So… they’re going to end up with a tiny percentage of developers and geeks running Safari on Windows. And this benefits Apple how? Maybe I’m wrong – maybe the need to provide a platform for Windows iPhone developers is reason enough, but somehow that doesn’t ring true. I think there’s another shoe ready to drop, lurking stage left.

* Update: I wrote that bit about “elegance” before seeing any reviews of Safari/Win after it was released into the wild. Now that the opinions are starting to roll in, I think it’s safe to say that this beta was released long before it should have been. By all accounts, Safari/Win so far appears to be a steaming pile of $%$%!@ with little to recommend it.

Free Opera

Not sure how many people are using the Opera web browser these days, but if you’ve ever hesitated to try because it isn’t free, the company is celebrating its 10th birthday by handing out free reg strings for all platforms. Get ’em while they’re hot.

Opera has always been great, and I remember how grateful the BeOS user community was to see the BeOS port of Opera. But in these days of free Firefox etc., there isn’t a whole lot of incentive for people to try unheard-of browsers. Still, Opera has always been famous for its strict adherence to W3C standards, so it’s an important element of a webmaster’s toolkit.

My Lame Powers of Prediction

In January 2003, I predicted that major browsers would have RSS readers built into them within six months, which would have put the first release of such a feature at around July 2003. Obviously, that didn’t happen. At WWDC today, Apple unveiled the major features in Tiger (OS X 10.4). Among them is an integrated RSS reader for Safari. That puts my prediction off by a year. Except that Tiger won’t be out until 2005, so make that 18 months. My crystal ball must have been hit by a stray neutrino.

A few readers have written me over the past week speculating about whether HFS+Finder in Tiger would more closely resemble BeOS’ spectacular BFS+Tracker combination, given that Dominic and Pavel have been working at Apple for the past year and a half. The answer is… sort of. Spotlight is going after metadata in a big way, and is making system-wide, instantaneous search on any type of heterogenous data seamless. The “Keywords” feature may or may not be similar to BFS’ Attributes. The key to making Spotlight as fast and flexible as BFS+Tracker will be, for me, whether attributes, er, keywords, are 100% customizable into arbitrary metadata forms, whether the metadata indexing is fast, automatic and efficient, and whether Apple finally releases a complete cousin to Be’s incredibly powerful FileTypes panel.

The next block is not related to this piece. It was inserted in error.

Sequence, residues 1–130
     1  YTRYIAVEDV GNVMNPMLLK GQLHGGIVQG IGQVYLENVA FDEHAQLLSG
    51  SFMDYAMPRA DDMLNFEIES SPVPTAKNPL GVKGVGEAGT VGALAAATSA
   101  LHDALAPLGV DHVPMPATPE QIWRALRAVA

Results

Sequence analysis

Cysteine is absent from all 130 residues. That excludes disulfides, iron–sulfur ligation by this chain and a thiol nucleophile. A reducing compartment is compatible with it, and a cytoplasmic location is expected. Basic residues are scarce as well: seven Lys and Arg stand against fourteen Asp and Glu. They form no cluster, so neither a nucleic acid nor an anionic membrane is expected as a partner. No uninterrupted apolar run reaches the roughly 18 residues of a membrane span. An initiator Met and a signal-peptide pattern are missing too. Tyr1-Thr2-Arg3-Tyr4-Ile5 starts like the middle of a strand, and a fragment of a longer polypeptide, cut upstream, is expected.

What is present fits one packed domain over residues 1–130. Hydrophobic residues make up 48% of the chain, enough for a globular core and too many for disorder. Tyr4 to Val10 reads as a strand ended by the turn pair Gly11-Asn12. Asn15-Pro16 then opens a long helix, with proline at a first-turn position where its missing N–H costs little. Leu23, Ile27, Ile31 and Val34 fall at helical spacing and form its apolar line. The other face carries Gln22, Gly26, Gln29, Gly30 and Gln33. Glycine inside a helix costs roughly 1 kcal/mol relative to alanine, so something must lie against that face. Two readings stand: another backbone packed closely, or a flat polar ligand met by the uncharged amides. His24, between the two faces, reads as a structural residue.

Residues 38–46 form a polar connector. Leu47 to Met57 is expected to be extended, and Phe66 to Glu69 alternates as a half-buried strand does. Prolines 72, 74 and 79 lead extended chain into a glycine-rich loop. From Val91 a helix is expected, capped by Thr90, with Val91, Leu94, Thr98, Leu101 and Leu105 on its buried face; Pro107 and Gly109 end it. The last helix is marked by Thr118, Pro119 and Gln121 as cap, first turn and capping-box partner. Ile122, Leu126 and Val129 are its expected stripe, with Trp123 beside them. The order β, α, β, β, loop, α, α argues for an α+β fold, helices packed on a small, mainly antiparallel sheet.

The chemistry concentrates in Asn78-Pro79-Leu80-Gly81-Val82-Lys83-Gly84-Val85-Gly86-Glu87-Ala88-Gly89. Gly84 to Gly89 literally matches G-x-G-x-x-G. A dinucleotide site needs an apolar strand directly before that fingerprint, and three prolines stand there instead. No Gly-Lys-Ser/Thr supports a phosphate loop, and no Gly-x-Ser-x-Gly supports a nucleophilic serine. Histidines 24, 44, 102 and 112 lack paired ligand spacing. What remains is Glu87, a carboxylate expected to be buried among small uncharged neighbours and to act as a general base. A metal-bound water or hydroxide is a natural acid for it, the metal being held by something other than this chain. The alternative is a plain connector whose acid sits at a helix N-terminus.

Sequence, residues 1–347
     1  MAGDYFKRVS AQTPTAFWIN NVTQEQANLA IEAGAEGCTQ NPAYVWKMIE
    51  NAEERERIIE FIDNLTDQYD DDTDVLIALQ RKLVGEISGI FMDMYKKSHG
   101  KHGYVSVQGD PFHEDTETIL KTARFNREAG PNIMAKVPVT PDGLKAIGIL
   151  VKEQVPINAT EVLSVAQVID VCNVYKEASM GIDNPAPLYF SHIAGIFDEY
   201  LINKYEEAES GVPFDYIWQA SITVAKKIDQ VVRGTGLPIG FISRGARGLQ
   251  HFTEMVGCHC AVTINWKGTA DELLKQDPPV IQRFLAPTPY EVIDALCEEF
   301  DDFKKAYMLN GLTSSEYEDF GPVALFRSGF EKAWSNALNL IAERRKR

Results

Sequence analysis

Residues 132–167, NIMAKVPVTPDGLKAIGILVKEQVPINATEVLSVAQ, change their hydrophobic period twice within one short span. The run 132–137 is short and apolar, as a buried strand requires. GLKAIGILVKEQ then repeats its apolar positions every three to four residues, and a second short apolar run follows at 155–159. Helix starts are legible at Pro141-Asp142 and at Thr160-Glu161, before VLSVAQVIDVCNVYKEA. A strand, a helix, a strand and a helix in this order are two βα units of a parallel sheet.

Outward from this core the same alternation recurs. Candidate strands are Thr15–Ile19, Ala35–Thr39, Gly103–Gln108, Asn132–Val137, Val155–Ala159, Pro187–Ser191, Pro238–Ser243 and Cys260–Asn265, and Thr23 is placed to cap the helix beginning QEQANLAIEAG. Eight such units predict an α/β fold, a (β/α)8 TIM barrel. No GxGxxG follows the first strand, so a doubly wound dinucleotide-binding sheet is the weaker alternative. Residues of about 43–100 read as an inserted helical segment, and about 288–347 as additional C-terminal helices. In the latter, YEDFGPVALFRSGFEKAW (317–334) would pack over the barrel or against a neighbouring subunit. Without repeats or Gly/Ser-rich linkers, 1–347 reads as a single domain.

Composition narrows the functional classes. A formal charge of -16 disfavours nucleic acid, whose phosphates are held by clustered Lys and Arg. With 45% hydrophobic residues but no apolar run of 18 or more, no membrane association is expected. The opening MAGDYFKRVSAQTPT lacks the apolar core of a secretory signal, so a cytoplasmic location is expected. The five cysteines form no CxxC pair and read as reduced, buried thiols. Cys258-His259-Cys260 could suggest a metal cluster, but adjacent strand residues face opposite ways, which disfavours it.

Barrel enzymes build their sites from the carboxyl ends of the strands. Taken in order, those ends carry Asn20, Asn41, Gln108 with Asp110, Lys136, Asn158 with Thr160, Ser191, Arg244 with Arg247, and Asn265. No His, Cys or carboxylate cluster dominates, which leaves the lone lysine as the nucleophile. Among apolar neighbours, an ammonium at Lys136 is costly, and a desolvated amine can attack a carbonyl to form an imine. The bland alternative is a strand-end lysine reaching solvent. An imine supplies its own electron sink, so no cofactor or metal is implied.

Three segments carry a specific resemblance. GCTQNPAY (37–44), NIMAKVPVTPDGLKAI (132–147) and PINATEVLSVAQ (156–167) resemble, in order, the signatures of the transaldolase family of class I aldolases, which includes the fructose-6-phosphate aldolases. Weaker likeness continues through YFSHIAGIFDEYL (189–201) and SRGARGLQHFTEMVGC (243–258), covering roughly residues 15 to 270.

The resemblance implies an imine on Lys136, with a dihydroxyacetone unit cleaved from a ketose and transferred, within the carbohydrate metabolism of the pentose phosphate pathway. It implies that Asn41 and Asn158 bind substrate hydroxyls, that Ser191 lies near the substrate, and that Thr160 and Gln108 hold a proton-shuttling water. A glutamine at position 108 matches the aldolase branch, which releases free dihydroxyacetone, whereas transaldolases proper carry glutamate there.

Also cool in Tiger: The very slick Dashboard (did Apple purchase Konfabulator?), full videoconferencing in iChat, and a powerful-looking scripting front-end called Automator. Oh, I wouldn’t mind a 30-inch aluminum-encrusted display, either.

Update: The Register confirms that Apple didn’t buy Konfabulator – they pulled a Watson on it (thanks Michael). I got a kick out of one of the propaganda posters Apple apparently has out at the WWDC: “Redmond, start your photocopiers.” Which is especially ironic given all the copying that Cupertino is apparently doing.

Music: Pat Kelly :: I Wish It Would Rain

On Safari

It’s funny – an Apple-branded web browser is the last thing I thought I wanted out of Expo, but I’m already head over heels for Safari. Earlier this morning I was wondering why they would have chosen the lesser-known KHTML rendering engine over Gecko, but after feeling its speed and reading that the codebase is less than 1/10th the size of Gecko’s, I get it.

Safari’s bookmarks implementation is a thing of beauty. I’ve wondered since the mid-90s why no one ever seemed to get bookmark management right, but think Apple has finally cracked the egg. The one aspect of bookmark management I miss from BeOS is the ability to add keywords to bookmarks and then find similar bookmarks via live keyword queries. But if you make sure you give good descriptive titles to your bookmarks, the existing Find function works just fine.

They copied all the hotkeys over from Explorer, so everything works as expected. Even the almighty Cmd-click to open a link in a new window.

I’m always surprised to see how many people gripe about the brushed aluminum look. Personally, I’m sick to death of looking at white stripes and would be happy if every app on my system went brushed aluminum. However, it does seem like Apple has violated their own guideline to use brushed aluminum for apps that replace real-world devices. What device does the browser replace?

Music: Sham 69 :: If the kids are united